Over the years, I have had the pleasure of introducing countless numbers of people to plant science. My desire to relate the wonders of plant biology, and its relationship to our daily lives, inspired me to write this article.
The science of botany is divided into various disciplines, each having its specialties. Among them, cytology (Greek: kytos, meaning “container”) is the detailed study of cells. Study of the form and structure of plants is the work of morphologists (Greek: morphe, meaning “form”). Most gardeners are more familiar with morphology than with cytology. Basic understanding of how plants function makes gardening more enjoyable. It also makes us better gardeners.
Let’s examine the fascinating world of plant biology: plant cell formation, plant form and structure, and how plants function.
Plant benefits to humans and other life
Earth is covered with a green blanket of vegetation, and because of the diversity of Earth’s plants, other forms of life are sustainable. From the very beginning, plants evolved first among our planet’s living things. Plants, in one form or another, can exist without animals, but animals cannot exist without plants.
Since the birth of cells, millions of years ago, plants have been inextricably linked in an unbroken chain of life. Plants created the biosphere, the part of earth where both plants and animals exist. Humans and animals have depended on plants for survival from the very beginning of their existence. We have evolved from primitive beings to a modern, sophisticated civilization, through knowledge from one generation to another. Plants even made it possible for mankind to express, preserve, and pass along ideas, music, mathematical equations, and scientific findings, and more, because they could be written down on paper, which is made from plant material. Plants provide material for clothing, homes, furniture, and more, and medicines come from plants. In these ways and more, plants have improved mankind’s quality of life and longevity.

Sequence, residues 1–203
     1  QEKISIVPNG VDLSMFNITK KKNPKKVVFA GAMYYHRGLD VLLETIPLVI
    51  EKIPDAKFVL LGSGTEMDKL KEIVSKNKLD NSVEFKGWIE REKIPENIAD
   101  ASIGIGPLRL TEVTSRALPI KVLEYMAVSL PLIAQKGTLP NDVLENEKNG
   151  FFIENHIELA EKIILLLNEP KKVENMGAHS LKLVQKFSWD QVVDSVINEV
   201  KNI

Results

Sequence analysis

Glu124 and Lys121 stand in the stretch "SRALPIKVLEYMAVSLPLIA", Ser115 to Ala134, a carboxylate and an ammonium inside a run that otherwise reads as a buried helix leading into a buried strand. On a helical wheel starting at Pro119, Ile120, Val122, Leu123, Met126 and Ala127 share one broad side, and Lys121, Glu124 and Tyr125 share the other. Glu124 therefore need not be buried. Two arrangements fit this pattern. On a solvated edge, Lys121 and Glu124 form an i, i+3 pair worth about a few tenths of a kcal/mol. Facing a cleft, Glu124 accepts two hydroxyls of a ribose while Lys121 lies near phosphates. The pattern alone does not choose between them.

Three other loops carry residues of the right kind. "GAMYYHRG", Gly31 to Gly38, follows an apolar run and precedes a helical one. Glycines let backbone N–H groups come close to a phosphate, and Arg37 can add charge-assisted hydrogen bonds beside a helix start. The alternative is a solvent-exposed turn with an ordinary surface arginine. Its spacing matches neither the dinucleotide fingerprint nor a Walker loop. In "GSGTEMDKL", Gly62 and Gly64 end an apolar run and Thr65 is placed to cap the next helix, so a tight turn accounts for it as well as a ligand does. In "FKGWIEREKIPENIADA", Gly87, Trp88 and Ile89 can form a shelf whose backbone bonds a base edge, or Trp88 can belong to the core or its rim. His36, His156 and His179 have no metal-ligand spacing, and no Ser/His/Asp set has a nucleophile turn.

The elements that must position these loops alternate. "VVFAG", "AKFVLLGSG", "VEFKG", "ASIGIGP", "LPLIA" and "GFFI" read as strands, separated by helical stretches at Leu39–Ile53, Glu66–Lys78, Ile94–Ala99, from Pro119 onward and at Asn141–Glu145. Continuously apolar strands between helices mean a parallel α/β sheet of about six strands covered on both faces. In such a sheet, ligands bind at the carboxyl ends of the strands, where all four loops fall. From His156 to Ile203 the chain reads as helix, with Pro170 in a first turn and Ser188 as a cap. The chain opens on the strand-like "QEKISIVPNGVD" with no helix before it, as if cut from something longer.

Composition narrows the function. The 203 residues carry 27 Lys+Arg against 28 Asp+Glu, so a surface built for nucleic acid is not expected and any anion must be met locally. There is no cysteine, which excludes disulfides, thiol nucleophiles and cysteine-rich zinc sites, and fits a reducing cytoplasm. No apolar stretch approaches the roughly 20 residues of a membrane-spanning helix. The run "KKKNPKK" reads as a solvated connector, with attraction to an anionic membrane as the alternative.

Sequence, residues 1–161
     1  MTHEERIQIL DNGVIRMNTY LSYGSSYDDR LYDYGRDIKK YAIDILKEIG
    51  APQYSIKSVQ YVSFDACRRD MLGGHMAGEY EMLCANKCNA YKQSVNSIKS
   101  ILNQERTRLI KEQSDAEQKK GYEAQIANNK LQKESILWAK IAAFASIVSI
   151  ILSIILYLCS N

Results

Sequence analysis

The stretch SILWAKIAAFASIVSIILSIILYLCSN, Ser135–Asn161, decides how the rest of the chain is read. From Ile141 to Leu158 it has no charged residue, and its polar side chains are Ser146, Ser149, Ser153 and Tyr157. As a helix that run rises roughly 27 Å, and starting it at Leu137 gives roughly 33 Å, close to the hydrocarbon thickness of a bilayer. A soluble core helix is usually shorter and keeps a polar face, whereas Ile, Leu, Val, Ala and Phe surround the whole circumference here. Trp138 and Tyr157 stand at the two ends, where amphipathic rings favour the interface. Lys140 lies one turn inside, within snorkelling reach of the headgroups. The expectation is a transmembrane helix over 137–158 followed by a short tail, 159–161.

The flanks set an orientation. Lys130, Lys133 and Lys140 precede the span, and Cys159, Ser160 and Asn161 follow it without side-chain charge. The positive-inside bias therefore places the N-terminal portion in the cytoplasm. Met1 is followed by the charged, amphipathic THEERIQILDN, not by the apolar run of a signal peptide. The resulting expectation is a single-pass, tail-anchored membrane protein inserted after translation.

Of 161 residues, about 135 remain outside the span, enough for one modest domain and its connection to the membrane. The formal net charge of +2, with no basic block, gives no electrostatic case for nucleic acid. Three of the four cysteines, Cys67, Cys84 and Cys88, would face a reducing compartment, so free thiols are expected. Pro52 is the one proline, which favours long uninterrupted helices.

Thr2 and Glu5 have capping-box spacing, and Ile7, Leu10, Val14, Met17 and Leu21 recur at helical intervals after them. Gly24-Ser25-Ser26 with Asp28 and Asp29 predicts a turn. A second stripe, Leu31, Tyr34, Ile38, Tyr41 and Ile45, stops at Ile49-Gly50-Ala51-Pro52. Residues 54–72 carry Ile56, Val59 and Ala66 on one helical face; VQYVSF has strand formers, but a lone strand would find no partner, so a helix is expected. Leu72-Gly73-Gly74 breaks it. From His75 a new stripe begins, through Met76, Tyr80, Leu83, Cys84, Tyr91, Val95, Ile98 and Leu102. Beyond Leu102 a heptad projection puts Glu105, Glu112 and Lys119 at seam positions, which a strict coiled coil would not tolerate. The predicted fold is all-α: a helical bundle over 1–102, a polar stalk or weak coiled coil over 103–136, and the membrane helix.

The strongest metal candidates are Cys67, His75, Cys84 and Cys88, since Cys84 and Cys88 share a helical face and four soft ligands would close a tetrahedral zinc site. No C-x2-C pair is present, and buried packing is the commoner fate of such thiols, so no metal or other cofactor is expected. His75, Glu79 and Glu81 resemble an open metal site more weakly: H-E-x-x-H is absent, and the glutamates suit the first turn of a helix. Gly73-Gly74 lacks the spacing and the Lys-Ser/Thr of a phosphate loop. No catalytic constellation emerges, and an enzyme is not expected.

Plants clean the air; they exchange the oxygen that we inhale with the carbon dioxide we exhale. They photosynthesize energy into foods that sustain all animals, and from the soil, draw micronutrients, minerals, nitrogen, phosphors, potassium, calcium, and iron that are crucial for our existence and health.
Form and Structure
There are approximately 400,000 different kinds of plants called species, present in diverse forms. One-third of all plants do not have roots, stems, or leaves as we know them. About 150,000 plant species never produce flowers, and almost an equal number do not grow from seeds, but rather from dust-like particles called spores. Although the vast majority of plants manufacture their own foods by a process called photosynthesis, mushrooms, molds and other fungi—which some biologists include in the plant kingdom—rely on foods created by green plants, for their sustenance, as do animals. Most plants spend a lifetime anchored in one place; yet simple single-celled organisms called plankton are capable of swimming to different locations in the waters they inhabit.
Angiosperms and Gymnosperms
As we further discuss the science of botany, let’s focus on the two groups of plants that we as gardeners are most familiar with. First, the flowering plants, or angiosperms, is the largest group in the plant kingdom and consists of about 250,000 species. The name ”angiosperm” (Greek: angeion, meaning “vessel” and sperma, meaning “seed”) comes from the fact that seeds from these plants are formed inside containers (or vessels) that we know as “fruits.” These flowering plants are the ones that most often decorate our homes and landscapes, supply almost all of the vegetable matter in our diet, and are the source of the world’s hardwoods. They are the most sophisticated of plant forms and are best adapted to survive in a wide range of climates and places.